I’m trying to simulate a piping system with pumps and outlets (e.g. a fire-protection system). The technical data of the pumps are known (flow rate and pressure head), so i think to set a constant pressure inlet value as boundary condition to check the pressure drop and flow rate at the outlet. I’m in doubt with the inlet pressure definition in case of incompressible simulations. For instance, if a 90 m pressure head is applied have I to set about 882,372 Pa / 1000 kg/cm = 882.4 for the total pressure value?
Thanks for your attention.
Can you go into detail with the relevant sources on how you obtained the final value?
Also I believe you can set a mass flow rate as one of the inlet conditions. Is it not possible to set that as the input instead of recalculating to some pressure value?
I also think I can set a mass/volume flow rate but I was asked to test the plant setting a constant pressure at inlet. So I was in doubt with the boundary condition because I read a note about the specific pressure (divided by density) in case of incompressible flows. That means 882,372 ---> 882.4 in case of fresh water, am I correct?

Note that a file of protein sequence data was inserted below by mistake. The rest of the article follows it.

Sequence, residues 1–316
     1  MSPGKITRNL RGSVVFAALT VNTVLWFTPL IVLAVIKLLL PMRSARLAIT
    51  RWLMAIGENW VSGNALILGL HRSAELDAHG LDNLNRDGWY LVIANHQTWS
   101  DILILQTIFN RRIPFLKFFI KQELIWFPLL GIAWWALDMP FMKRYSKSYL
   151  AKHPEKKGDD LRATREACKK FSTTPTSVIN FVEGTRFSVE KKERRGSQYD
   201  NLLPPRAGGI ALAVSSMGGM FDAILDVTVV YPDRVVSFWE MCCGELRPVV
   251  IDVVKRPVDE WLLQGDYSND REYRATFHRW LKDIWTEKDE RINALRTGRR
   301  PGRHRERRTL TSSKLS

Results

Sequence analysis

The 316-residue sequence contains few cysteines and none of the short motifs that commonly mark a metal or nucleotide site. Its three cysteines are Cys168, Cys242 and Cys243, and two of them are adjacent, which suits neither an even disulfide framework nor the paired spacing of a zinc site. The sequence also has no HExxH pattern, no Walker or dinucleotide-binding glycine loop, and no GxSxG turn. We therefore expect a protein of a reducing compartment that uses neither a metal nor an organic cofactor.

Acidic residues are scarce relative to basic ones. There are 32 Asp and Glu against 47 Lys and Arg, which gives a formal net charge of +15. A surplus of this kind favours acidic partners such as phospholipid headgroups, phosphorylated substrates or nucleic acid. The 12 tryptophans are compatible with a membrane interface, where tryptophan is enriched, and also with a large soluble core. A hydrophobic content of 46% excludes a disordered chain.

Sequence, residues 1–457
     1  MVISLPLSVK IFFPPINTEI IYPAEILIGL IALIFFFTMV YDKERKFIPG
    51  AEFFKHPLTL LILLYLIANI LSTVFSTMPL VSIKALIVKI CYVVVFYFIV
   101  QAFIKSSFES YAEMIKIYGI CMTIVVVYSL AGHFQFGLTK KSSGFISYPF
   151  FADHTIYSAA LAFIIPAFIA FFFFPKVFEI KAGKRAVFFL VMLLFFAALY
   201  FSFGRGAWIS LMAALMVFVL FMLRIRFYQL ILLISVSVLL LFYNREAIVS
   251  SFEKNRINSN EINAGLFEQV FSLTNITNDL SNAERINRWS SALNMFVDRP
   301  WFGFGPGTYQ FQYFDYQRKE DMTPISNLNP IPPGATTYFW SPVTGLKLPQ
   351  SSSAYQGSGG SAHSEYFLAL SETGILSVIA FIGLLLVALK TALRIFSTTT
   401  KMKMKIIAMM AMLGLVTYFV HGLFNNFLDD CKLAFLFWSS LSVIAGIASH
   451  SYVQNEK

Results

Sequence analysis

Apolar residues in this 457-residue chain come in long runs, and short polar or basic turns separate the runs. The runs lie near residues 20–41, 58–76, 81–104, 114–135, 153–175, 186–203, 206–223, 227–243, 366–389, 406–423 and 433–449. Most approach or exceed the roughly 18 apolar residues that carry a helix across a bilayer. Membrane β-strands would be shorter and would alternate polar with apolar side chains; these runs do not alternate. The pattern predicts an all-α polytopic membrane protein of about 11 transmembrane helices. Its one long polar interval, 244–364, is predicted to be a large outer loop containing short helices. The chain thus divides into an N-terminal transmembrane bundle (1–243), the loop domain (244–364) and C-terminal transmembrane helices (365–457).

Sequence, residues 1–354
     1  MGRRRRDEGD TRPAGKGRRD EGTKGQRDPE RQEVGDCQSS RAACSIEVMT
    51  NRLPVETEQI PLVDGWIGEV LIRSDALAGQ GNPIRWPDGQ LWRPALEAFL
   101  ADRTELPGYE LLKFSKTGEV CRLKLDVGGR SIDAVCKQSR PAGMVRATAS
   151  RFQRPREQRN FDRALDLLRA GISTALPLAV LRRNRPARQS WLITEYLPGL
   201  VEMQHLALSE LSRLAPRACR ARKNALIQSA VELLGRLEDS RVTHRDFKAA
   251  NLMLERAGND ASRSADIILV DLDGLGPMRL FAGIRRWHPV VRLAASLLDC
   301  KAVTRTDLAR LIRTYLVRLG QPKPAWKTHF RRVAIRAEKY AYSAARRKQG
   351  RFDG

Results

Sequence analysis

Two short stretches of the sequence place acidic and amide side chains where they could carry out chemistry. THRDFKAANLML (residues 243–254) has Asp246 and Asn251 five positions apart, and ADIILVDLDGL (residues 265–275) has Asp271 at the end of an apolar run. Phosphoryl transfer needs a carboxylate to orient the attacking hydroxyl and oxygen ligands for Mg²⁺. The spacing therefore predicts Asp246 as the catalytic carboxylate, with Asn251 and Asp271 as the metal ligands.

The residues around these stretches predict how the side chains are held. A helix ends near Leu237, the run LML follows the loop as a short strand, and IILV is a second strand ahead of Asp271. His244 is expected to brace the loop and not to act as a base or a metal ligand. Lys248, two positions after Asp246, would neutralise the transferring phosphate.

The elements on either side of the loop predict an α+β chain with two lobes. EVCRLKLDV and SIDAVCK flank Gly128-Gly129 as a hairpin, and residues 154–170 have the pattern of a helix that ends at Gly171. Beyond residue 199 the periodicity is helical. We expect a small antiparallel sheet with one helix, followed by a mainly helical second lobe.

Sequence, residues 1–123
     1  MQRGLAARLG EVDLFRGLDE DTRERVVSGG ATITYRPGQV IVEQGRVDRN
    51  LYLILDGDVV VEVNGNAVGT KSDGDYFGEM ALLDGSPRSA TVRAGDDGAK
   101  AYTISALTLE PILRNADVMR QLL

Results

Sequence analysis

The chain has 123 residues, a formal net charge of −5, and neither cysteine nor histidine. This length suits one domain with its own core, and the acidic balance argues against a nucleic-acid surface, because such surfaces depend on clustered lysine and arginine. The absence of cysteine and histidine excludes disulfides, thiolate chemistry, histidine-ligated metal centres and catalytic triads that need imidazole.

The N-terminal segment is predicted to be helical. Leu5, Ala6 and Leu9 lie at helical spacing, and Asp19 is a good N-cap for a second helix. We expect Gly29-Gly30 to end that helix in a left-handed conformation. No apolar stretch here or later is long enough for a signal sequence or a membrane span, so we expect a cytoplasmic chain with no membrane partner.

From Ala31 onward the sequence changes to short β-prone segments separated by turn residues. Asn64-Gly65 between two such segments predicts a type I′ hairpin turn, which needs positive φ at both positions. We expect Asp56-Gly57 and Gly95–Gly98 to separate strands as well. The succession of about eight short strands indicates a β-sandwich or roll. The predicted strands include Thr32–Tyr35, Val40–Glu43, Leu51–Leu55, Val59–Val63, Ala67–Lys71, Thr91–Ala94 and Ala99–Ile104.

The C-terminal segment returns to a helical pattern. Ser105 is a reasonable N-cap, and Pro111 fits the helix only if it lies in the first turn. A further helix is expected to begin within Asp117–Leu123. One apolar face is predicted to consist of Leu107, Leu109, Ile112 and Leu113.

I’m not expert in pumps operating, I’m afraid that the total pressure in OpenFOAM is not the the pressure head from the pump technical data but a combination of head and velocity (flow rate).
Let me call on my fellow @PowerUsers_CFD to see if they can help you with this issue.
This is no longer the case in SimScale, pressure for incompressible cases is now in (Pa) to make setup and interpretation easier.
If you know the flow rate you can provide a 0Pa condition at the outlet, the pressure drop across the system will be the same at any reference pressure for incompressible simulations.
Most pump data use a pressure vs volume flow rate datasheet, I don’t think this kind of input is currently implemented, so please make a request for a vote for features firstly. For now, you could approximate the volume flow rate from this plot and adjust it when you have a better idea of the pressure at the pump exit.
Hope this helps,
Thank you very much, Barry and Darren.